http://www.thomaslegion.net/americancivilwar/oregoncivilwarhistory.html
 

Lubliner

Captain
Forum Host
Joined
Nov 27, 2018
Location
Chattanooga, Tennessee
Even if many of the settlers were pro-southern, they were relying upon Union troops at the forts for protection. These troops normally focused on Indian hostilities, but with the war the additional focus would have been operating against confederate groups and formations.
Lubliner.
 

jrweaver

Corporal
Joined
Dec 9, 2020
Even if many of the settlers were pro-southern, they were relying upon Union troops at the forts for protection. These troops normally focused on Indian hostilities, but with the war the additional focus would have been operating against confederate groups and formations.
Lubliner.
Certainly prior to secession there was dependence on the forts for protection from the Spanish, Mexicans, and Indians - though the former two had fallen to just a nuisance level. They also relied on them for the biggest threat - a foreign invader. Once secession began, the politics shifted such that the local citizens saw them more as a projection of Federal power than a protector. Such is the fickle nature of politics!
I don't think the businesses really saw any Confederate activity in the area as a threat, as they had the same beliefs. I think that they would have welcomed them, based on their request to Johnston to turn the fort over to the Confederacy.
 

Booklady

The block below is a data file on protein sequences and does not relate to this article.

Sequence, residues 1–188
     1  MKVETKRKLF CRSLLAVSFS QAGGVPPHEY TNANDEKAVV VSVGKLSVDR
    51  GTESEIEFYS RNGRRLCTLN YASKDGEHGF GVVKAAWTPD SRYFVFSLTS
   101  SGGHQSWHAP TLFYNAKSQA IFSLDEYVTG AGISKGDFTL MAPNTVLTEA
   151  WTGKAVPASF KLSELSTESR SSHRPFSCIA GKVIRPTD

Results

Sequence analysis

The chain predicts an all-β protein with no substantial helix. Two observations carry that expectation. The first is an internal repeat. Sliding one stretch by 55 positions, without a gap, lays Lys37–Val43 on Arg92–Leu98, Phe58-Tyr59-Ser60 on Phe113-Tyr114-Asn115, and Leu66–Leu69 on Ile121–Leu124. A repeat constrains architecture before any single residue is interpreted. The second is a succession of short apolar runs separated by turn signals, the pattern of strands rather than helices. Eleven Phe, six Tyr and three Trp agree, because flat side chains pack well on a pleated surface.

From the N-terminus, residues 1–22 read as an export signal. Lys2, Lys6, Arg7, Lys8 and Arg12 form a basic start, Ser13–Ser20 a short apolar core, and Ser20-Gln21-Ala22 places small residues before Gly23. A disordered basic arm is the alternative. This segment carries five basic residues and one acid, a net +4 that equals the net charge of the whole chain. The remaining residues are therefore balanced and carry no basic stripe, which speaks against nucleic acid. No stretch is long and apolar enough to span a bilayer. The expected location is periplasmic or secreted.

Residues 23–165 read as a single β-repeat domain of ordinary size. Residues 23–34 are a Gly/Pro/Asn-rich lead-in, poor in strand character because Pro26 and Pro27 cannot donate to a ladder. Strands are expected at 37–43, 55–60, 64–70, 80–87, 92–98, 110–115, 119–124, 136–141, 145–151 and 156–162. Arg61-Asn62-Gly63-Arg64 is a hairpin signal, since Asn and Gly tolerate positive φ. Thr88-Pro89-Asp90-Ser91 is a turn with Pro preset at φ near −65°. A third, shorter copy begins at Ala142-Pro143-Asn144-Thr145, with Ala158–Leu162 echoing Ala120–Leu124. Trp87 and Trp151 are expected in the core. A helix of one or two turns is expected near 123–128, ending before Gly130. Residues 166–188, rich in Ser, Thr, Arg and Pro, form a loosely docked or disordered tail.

Sergeant
Joined
Mar 19, 2017
Location
New England
Bay Area native here. Excellent thread, so informative, and lots of familiar place names that are part of family lore. I have a very old, vague memory of traveling across the bay on one of the ferries, and personal familiarity with driving across the old Dumbarton. One of my brothers spent some time on Treasure Island, I believe, when he was in the Navy in the late 60s. Thanks so much for posting the information and photos.
 

jrweaver

Corporal
Joined
Dec 9, 2020
Bay Area native here. Excellent thread, so informative, and lots of familiar place names that are part of family lore. I have a very old, vague memory of traveling across the bay on one of the ferries, and personal familiarity with driving across the old Dumbarton. One of my brothers spent some time on Treasure Island, I believe, when he was in the Navy in the late 60s. Thanks so much for posting the information and photos.
I lived in the Bay Area in the 1970s for a couple of years. I was in the semiconductor industry, and had to do my time in Silicon Valley! I was single, just out of college, and had a lot of free time. That gave me the opportunity to do a lot of exploring. As I was developing my fort avocation, I still traveled to the Bay Area a lot, and was able to schedule time on those trips to continue my research. As I approached retirement from my "real job," I started doing more training for NPS at GGNRA and used those trips to be able to continue my research.

A funny story: John Martini, a great friend and fantastic historian, sent me an email that one of the non-historic prison buildings on Alcatraz had been torn down, revealing parts of the sally port that had not been visible previously. He also sent me a great group of pictures! I called to my wife, who was in the living room; she came into the office and looked over my shoulder at the photos. I said, "Carol, we need to go to San Francisco!" She responded, "You're not going to get any argument from me!" We spent a week in the area climbing around the fortifications from all periods!